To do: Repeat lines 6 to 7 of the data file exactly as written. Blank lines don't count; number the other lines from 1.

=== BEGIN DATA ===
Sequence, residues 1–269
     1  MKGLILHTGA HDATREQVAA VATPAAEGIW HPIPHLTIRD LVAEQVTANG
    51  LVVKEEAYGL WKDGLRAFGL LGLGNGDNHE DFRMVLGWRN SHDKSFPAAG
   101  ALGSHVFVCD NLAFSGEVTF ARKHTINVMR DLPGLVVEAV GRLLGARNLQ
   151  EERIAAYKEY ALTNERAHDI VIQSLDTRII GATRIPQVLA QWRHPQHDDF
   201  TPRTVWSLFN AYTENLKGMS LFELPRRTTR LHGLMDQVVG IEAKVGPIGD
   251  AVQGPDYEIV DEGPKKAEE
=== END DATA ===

   201  TPRTVWSLFN AYTENLKGMS LFELPRRTTR LHGLMDQVVG IEAKVGPIGD
   251  AVQGPDYEIV DEGPKKAEE